Everyone currently knows Brandon Weeden as the starting rookie quarterback for the Cleveland Browns out of Oklahoma State.
However, not everyone may know that this isn't Weeden's first try at playing a sport at a professional level.
Weeden was drafted out of high school in 2002 by the New York Yankees in the first round. It was an up-and-down professional career for him that never led to the big leagues. In 2003 he was traded to the Los Angeles Dodgers along with Jeff Weaver, and thanks to the Rule 5 Draft he was selected by the Kansas City Royals after the 2005 season. Weeden played his last season in 2006 with Class-A High Desert Mavericks.
In five professional seasons Weeden compiled a record of 19-26 with a 5.02 ERA, never advancing above Class A.
Weeden may have quit baseball, but he still had a love for football.
He enrolled at Oklahoma State the following year and decided to play. He was redshirted his freshman year and played just one game in 2008.
Weeden was named the starter in 2010. Some would have thought that the amount of time off from football would be marring to his play, but Weeden would succeed. In 2011 where Weeden led third-ranked Oklahoma State to an 11-1 regular season record. Weeden was 342-for511 in pass completions (66.9 percent) for 4,328 yards. Oklahoma State played Andrew Luck and Stanford in the 2012 Fiesta Bowl, where Weeden led the Cowboys to a 41-38 victory.
His success in college helped his rise on the draft boards and Weeden was a surprising first-round pick (22nd overall) by the Browns in the 2012 NFL draft. At 28, much older than your normal rookie, Weeden now finds himself as an NFL starting quarterback.
Weeden threw four interceptions against the Philadelphia Eagles in Week 1. He has completed 90-of-167 passes for a 53.9 percent completion rate, with Mark Sanchez of the New York Jets and Luck, now with the Indianapolis Colts, being the only starting quarterbacks in the league completing a lower percentage. He has three touchdown passes and seven interceptions. Weeden's 60.4 passer rating is the lowest in the league through four games.
"He's obviously unique in terms of the rookie status because he's 28-29 years old, but I will say this, there are certain things that although his age has helped him with some of the off the field things that young players deal with, you still have to go through the process of playing; first your opener, then on the road, then at home, before or after a loss, you have to go through the process," Browns' head coach Pat Shurmur said earlier this week. "I think he's displayed, at least to me, that he's improving. I think now he has to improve and put together a winning performance, much like Eli [Manning]."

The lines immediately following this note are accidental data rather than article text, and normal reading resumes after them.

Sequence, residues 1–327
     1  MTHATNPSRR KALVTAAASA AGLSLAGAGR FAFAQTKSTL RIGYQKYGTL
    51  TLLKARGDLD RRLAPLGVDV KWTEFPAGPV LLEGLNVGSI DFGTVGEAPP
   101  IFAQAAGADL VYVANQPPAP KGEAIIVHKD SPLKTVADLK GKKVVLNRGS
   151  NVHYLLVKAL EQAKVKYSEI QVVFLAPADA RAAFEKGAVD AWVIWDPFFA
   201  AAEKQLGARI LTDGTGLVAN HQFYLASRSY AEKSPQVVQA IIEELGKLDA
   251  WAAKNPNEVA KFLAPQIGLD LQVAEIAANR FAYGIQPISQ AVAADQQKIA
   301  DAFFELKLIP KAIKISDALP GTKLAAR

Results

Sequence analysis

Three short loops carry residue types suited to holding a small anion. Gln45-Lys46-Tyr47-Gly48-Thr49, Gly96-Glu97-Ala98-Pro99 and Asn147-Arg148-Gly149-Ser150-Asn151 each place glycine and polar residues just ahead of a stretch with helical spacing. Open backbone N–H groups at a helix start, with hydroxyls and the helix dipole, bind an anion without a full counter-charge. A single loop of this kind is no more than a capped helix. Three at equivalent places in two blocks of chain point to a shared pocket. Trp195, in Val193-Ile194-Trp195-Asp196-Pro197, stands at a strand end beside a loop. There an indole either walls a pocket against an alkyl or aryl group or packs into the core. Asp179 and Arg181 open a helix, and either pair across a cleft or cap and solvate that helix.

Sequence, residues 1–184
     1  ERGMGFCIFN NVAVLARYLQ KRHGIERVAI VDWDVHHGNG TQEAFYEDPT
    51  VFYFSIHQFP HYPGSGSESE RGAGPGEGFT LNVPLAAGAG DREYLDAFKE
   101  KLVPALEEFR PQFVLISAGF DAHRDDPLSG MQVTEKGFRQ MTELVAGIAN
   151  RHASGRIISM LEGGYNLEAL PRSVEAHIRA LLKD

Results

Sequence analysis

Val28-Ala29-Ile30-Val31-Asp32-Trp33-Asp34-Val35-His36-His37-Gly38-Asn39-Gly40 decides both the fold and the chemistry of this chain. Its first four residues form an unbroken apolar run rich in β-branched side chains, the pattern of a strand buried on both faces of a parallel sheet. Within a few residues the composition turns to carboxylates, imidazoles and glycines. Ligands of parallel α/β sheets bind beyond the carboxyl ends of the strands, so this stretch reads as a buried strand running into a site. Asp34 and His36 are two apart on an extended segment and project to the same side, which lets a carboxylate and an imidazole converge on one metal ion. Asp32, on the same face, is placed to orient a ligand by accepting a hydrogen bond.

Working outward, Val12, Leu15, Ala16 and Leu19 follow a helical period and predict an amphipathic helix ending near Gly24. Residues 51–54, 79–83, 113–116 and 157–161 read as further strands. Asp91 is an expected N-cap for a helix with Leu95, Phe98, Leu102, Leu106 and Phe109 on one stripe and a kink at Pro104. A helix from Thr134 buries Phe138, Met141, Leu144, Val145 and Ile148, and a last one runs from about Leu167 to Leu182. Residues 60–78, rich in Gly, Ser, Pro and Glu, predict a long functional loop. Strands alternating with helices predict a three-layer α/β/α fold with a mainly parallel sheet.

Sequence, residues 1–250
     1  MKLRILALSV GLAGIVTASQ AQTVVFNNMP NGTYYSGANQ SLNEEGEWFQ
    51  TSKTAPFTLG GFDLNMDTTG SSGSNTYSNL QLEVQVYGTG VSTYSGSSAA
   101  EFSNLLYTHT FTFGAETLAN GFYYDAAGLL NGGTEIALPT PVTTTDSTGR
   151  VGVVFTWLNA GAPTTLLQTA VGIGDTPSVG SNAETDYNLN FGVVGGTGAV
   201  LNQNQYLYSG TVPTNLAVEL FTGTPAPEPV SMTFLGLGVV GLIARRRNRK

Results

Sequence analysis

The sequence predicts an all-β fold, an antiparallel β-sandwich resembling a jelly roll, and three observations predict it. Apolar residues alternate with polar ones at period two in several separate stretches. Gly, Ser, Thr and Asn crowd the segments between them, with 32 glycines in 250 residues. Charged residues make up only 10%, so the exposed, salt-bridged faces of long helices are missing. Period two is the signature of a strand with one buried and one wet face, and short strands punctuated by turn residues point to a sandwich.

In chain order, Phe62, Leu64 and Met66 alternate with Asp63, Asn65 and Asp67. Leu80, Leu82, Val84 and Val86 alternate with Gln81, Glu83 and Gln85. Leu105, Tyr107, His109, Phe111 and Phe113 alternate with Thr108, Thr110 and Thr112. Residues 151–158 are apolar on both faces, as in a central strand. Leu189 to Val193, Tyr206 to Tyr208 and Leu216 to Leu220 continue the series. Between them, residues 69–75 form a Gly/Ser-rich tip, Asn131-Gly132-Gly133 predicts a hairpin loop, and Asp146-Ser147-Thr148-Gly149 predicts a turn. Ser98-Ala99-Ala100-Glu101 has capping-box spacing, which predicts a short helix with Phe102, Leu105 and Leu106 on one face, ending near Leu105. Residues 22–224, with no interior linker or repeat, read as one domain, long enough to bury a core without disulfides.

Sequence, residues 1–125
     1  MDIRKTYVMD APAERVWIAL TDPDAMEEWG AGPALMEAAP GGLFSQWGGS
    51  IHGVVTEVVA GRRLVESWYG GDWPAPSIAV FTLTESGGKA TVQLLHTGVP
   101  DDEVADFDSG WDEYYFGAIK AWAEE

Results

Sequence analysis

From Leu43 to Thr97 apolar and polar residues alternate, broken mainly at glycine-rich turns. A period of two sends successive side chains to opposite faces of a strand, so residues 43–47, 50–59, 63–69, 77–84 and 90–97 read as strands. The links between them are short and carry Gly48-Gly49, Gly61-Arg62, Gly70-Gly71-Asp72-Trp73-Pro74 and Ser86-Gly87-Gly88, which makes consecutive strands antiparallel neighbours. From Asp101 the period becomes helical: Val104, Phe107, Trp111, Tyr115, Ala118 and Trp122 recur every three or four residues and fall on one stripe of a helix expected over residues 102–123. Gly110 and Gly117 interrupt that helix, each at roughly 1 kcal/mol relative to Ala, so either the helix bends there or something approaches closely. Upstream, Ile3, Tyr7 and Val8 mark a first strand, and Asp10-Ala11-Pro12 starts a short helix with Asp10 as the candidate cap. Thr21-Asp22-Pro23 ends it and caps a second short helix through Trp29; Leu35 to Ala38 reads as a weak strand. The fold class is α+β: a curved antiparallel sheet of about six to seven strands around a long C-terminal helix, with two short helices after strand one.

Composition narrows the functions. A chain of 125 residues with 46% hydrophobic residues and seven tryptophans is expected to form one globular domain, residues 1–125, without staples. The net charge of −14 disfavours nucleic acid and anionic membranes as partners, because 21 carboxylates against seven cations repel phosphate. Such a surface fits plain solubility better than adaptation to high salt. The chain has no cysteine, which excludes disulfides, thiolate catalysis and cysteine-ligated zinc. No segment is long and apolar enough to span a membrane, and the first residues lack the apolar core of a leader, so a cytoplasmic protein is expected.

Even though the Browns are currently 0-4 and Weeden's numbers haven't been impressive Shurmur isn't the only one seeing improvement from the rookie quarterback. Chris Pokorny of SB Nation's 'Dawgs By Nature' believes Cleveland has finally found a quarterback it can build around:
"He steps into his throws well, has a cannon for an arm, and has the confidence to not let an interception or a dropped pass bother him. ... Weeden is the long term answer at quarterback."
The Browns haven't been blown out in any of their losses. They lost to the Eagles by one point and the Baltimore Ravens barely got by them with a seven-point victory. Weeden threw for 320 yards that game.
The Giants should be Weeden's toughest challenge, but Giants' coach Tom Coughlin told the team not to expect Cleveland to be a pushover.
"Don't be misled by Cleveland's record," said Coughlin. "They're a good, young team. They played tough in all of their games."
Whether or not the Browns can give the Giants a tough time on Sunday will depend largely on Weeden's play. It will be interesting to watch.
Follow Kelsey O'Donnell on Twitter @KelsODonnell